J. V. Fesko’s The Fruit of the Spirit Is . . . explores the fruit of the Spirit in connection with the Old Testament, and it examines how we truly obtain godliness. Too often, Fesko points out, we try to achieve godliness by good intentions and religious strivings—efforts that always fall short. Here he looks at Paul’s famous fruit of the Spirit passage in Galatians 5, showing that this work of the Spirit is not merely a New Testament idea, but is written throughout the pages of Old Testament history—from creation, the Exodus, through the prophets, to the fulfillment of promised blessings in the work of Christ. This practical and engaging text explores how when this fruit is displayed in our lives, God is fulfilling ancient promises of redemption through Christ and the Spirit and we are experiencing and manifesting the very things God promised over 2,500 years ago.
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“Rather, self-control is the ability to deny ourselves the indulgence of our sinful desires even when no one can see us, even when no one can know our thoughts. Self-control is ultimately the ability to be controlled, not by the sinful self, but by the Holy Spirit.” (Page 64)
“Rather, at the centre of love is sacrifice and selflessness.” (Page 57)
“Godliness is not simply an attitude of moral superiority but, rather, exhibiting the moral characteristics and qualities of God himself: righteousness, integrity, love, mercy, patience, wisdom, and the like. Godliness, therefore, is most certainly something that is to be desired.” (Page 11)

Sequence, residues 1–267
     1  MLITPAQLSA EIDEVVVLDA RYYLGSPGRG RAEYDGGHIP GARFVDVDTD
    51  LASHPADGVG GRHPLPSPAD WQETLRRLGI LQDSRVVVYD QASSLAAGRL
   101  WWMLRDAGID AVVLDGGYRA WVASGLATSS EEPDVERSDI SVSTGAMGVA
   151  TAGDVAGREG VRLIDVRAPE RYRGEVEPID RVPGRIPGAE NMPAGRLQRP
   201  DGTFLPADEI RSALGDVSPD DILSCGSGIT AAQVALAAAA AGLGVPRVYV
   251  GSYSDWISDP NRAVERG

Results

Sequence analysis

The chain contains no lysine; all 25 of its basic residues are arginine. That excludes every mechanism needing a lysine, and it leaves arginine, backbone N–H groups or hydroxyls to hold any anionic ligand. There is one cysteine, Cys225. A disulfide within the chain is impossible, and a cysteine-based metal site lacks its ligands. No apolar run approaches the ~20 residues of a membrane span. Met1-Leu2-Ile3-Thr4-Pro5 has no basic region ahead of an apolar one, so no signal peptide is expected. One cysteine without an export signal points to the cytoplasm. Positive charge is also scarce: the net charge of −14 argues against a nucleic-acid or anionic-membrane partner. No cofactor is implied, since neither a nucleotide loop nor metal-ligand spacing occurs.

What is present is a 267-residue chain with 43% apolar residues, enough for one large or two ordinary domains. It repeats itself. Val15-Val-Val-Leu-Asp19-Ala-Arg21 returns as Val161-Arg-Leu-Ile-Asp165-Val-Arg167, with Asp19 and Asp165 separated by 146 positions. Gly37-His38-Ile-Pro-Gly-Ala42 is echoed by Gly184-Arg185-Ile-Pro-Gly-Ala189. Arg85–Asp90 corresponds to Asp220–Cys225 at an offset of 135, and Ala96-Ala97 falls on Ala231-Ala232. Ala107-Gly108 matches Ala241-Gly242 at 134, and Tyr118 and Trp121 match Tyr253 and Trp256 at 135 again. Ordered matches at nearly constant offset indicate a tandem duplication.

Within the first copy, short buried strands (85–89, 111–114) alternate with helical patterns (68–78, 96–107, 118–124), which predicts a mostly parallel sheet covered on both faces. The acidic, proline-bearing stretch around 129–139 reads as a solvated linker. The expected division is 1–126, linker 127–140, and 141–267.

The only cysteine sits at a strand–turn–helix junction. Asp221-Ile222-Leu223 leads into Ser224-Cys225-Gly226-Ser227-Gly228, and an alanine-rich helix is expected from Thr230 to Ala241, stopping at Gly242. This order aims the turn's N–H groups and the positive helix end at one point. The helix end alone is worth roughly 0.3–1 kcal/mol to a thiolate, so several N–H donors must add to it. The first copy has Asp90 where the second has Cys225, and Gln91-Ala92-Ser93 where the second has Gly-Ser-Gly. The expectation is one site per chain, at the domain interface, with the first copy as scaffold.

“Fourth, the righteousness that we see described in the fruit of the Spirit is first and foremost characteristic of Christ. We must not idealize these moral qualities in an abstract manner but rather define them in terms of God’s revelation in Christ.” (Page 57)
“Paul is not placing new legal demands on God’s people, ‘You must be patient, kind, loving, etc, otherwise you will not inherit the kingdom of God.’” (Page 56)
John Fesko encourages us to pursue godliness in this insightful examination of the fruit of the Spirit. This little book is no narrow study of Galatians 5:22-23, however, but a thoughtful and practical exposition of godliness in relation to Christ, the Spirit and the Old Testament. If you desire to be more holy—and you should—this book will help.
—W. Robert Godfrey, president, Westminster Seminary, California